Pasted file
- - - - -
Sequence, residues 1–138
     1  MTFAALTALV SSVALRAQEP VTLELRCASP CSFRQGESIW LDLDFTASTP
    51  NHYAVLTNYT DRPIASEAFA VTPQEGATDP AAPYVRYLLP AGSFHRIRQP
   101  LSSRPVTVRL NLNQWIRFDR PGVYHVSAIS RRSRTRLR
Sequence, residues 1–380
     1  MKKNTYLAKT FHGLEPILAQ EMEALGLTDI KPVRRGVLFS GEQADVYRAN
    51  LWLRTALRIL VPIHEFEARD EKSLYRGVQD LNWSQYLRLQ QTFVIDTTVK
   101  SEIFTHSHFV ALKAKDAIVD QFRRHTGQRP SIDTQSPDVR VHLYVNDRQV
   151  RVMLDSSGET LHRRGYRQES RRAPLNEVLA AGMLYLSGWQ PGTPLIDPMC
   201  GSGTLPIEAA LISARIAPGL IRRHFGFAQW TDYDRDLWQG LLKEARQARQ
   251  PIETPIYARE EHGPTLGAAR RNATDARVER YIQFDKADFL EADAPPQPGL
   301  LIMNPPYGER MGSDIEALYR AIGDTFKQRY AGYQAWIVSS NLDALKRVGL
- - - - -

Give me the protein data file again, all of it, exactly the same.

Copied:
Sequence, residues 1–138
     1  MTFAALTALV SSVALRAQEP VTLELRCASP CSFRQGESIW LDLDFTASTP
    51  NHYAVLTNYT DRPIASEAFA VTPQEGATDP AAPYVRYLLP AGSFHRIRQP
   101  LSSRPVTVRL NLNQWIRFDR PGVYHVSAIS RRSRTRLR
Sequence, residues 1–380
     1  MKKNTYLAKT FHGLEPILAQ EMEALGLTDI KPVRRGVLFS GEQADVYRAN
    51  LWLRTALRIL VPIHEFEARD EKSLYRGVQD LNWSQYLRLQ QTFVIDTTVK
   101  SEIFTHSHFV ALKAKDAIVD QFRRHTGQRP SIDTQSPDVR VHLYVNDRQV
   151  RVMLDSSGET LHRRGYRQES RRAPLNEVLA AGMLYLSGWQ PGTPLIDPMC
   201  GSGTLPIEAA LISARIAPGL IRRHFGFAQW TDYDRDLWQG LLKEARQARQ
   251  PIETPIYARE EHGPTLGAAR RNATDARVER YIQFDKADFL EADAPPQPGL
   301  LIMNPPYGER MGSDIEALYR AIGDTFKQRY AGYQAWIVSS NLDALKRVGL